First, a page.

Before we start discussing what Alex Cobb‘s injury means for the Tampa Bay Rays, we need to mention what it doesn’t mean: any concern for the team’s rotation. A starting five of Chris Archer, Drew Smyly, Jake Odorizzi, Nate Karns, and Alex Colome is extremely good, and it will only get better once Matt Moore returns, presumably some time in June. The Rays would be better with Cobb, but their rotation remains excellent and the question will be whether they score enough runs for that to matter.
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Instead, when we delve deeper into the situation surrounding Cobb following the partially torn ligament in his elbow, we ignore the short-term almost entirely and talk about the future. We have to expect that Alex Cobb will need Tommy John Surgery at some point in the next few years if not the next few months, and the Rays’ dream scenario is him returning in August at this point. On the other hand, if his rehab before surgery fails, there is a high probability that he will pitch in five games or less before 2017, his last year until team control with the Rays.
The Tampa Bay Rays are paying Alex Cobb $4 milllion this season in his first go-around through arbitration. Next year, they will end up paying him a similar figure because he will have logged few major league games if any. That could easily go down as $8 million down the drain for a team that needs every penny it can get. That is $8 million spent on an injured player at a position where the Rays don’t even need help. How does that make any sense?
Could the Rays non-tender Cobb following the season? They almost surely won’t because somebody with more money would be glad to pay him several million dollars to rehab for a year and pitch in the second year of a contract. Kris Medlen received two years and $8.5 million guaranteed from the Kansas City Royals coming off a second Tommy John Surgery, and though Cobb would be undergoing surgery later in the year, he may still get that figure or more if he hits the open market. It’s easy to picture it–Cobb signs with the Yankees and burns the Rays in 2017.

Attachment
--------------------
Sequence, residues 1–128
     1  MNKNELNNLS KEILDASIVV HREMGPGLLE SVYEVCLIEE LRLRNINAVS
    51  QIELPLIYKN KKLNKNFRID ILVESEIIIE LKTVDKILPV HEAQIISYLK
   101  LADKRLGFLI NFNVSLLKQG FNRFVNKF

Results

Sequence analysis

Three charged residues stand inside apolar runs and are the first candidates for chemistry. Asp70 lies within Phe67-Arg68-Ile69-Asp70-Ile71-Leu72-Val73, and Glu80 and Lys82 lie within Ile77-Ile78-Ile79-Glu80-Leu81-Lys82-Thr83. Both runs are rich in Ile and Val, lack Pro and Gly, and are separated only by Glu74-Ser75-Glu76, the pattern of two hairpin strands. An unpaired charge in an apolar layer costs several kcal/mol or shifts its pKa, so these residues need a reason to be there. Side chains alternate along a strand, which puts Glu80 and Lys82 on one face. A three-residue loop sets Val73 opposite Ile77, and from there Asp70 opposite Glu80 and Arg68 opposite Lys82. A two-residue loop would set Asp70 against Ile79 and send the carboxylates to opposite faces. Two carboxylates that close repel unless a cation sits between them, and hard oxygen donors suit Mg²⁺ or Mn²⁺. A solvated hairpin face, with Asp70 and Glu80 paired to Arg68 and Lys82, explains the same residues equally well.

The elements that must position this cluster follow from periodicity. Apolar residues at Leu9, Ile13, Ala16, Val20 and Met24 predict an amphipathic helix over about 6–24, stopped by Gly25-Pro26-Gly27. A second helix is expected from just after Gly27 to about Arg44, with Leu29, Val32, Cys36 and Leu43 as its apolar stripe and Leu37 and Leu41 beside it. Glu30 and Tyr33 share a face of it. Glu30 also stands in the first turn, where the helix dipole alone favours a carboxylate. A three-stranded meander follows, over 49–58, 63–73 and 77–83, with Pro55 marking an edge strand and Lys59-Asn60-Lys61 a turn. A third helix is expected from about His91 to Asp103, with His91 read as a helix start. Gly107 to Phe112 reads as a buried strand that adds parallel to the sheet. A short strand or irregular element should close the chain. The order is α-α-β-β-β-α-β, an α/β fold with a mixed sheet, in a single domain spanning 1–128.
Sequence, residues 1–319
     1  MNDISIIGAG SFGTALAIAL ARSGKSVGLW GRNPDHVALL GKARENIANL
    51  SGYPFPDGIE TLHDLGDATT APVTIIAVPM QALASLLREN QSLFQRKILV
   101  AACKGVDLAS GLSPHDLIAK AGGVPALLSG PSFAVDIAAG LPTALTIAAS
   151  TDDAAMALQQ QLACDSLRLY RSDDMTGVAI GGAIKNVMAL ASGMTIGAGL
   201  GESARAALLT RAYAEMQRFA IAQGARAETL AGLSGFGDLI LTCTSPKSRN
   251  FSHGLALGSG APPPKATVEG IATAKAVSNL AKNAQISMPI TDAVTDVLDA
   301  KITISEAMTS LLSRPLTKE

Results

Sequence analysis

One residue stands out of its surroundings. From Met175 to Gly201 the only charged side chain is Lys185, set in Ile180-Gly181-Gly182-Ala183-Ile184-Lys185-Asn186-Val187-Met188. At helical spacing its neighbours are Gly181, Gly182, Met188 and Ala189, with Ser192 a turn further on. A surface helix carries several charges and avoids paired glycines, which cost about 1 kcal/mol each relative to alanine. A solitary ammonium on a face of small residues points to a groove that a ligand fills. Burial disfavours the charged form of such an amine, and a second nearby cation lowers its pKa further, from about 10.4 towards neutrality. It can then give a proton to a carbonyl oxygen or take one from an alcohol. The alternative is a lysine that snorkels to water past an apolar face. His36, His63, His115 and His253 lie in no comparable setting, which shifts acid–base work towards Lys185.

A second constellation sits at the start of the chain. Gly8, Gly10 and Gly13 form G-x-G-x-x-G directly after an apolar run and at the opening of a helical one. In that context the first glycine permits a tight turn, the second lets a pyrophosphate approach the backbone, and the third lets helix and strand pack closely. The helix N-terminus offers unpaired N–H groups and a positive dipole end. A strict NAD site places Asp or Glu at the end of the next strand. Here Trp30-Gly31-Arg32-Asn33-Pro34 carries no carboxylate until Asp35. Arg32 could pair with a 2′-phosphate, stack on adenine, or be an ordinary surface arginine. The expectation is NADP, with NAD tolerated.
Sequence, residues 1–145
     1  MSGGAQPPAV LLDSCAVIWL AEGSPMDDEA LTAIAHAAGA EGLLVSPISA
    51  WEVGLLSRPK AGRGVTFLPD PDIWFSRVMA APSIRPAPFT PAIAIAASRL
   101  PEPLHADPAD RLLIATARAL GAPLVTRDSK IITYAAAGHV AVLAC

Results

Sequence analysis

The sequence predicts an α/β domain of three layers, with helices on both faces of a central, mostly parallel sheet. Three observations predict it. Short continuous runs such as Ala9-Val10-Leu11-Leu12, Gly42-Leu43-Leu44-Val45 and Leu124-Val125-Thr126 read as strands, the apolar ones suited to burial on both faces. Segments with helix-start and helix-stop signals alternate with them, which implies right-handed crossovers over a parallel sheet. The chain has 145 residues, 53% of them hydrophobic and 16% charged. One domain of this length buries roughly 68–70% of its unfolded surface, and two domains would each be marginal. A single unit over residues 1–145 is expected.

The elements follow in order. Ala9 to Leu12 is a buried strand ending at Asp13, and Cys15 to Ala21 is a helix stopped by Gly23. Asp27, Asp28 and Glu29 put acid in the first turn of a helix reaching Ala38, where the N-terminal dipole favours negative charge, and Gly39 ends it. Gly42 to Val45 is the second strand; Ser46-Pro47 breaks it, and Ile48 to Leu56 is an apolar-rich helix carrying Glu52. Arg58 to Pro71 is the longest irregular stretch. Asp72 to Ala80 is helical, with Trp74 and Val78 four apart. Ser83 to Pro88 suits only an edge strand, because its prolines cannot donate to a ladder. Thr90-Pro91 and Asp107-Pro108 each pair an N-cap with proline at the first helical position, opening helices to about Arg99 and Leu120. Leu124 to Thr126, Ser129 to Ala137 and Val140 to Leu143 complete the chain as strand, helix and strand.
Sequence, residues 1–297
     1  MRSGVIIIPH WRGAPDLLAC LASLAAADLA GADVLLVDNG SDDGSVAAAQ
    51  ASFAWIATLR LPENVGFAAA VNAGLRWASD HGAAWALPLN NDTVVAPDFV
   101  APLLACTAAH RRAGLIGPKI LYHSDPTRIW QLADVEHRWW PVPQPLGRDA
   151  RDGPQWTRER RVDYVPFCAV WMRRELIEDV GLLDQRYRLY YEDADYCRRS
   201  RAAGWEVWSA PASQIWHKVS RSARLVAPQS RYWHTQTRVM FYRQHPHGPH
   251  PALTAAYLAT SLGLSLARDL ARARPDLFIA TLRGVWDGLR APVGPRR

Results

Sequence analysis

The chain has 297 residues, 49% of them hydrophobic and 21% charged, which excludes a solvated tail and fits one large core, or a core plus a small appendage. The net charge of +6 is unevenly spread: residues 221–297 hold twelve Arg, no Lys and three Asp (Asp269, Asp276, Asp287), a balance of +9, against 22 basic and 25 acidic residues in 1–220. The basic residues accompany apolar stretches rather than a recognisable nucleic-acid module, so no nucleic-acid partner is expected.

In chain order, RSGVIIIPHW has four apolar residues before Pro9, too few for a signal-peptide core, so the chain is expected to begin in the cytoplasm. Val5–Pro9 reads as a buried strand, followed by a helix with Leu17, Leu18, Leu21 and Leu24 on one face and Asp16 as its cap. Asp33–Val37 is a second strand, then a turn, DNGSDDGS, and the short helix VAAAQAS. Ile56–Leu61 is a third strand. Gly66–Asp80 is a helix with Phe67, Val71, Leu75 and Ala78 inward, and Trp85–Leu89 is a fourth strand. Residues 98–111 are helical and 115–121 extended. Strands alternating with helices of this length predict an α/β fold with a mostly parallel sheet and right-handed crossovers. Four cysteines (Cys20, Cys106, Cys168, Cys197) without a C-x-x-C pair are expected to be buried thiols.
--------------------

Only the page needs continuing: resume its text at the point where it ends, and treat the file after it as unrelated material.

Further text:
Alex Cobb was probably going to be traded, and following this season or next might have been the right time. Instead, that plan is out the window, although I’m sure the Rays would be glad to listen to offers and hear about whatever the prospect equivalent is of $8.5 million over two years. One irony is that this is the perfect time for the Rays to talk with Cobb about an extension given that they have all the leverage. Why not offer Cobb $20 million over five years and see if he will trade three free agent years in exchange for financial stability?
We can say that the Tampa Bay Rays have options, but there aren’t many worse sets of circumstances for them than a pitcher approaching free agency needing to undergo surgery. Best of luck to Alex Cobb in his rehab–the hope is that most of my points from this piece will be moot–but there is an uncomfortably high chance that this situation is going to drive Matt Silverman and the Rays’ office absolutely nuts in the coming months.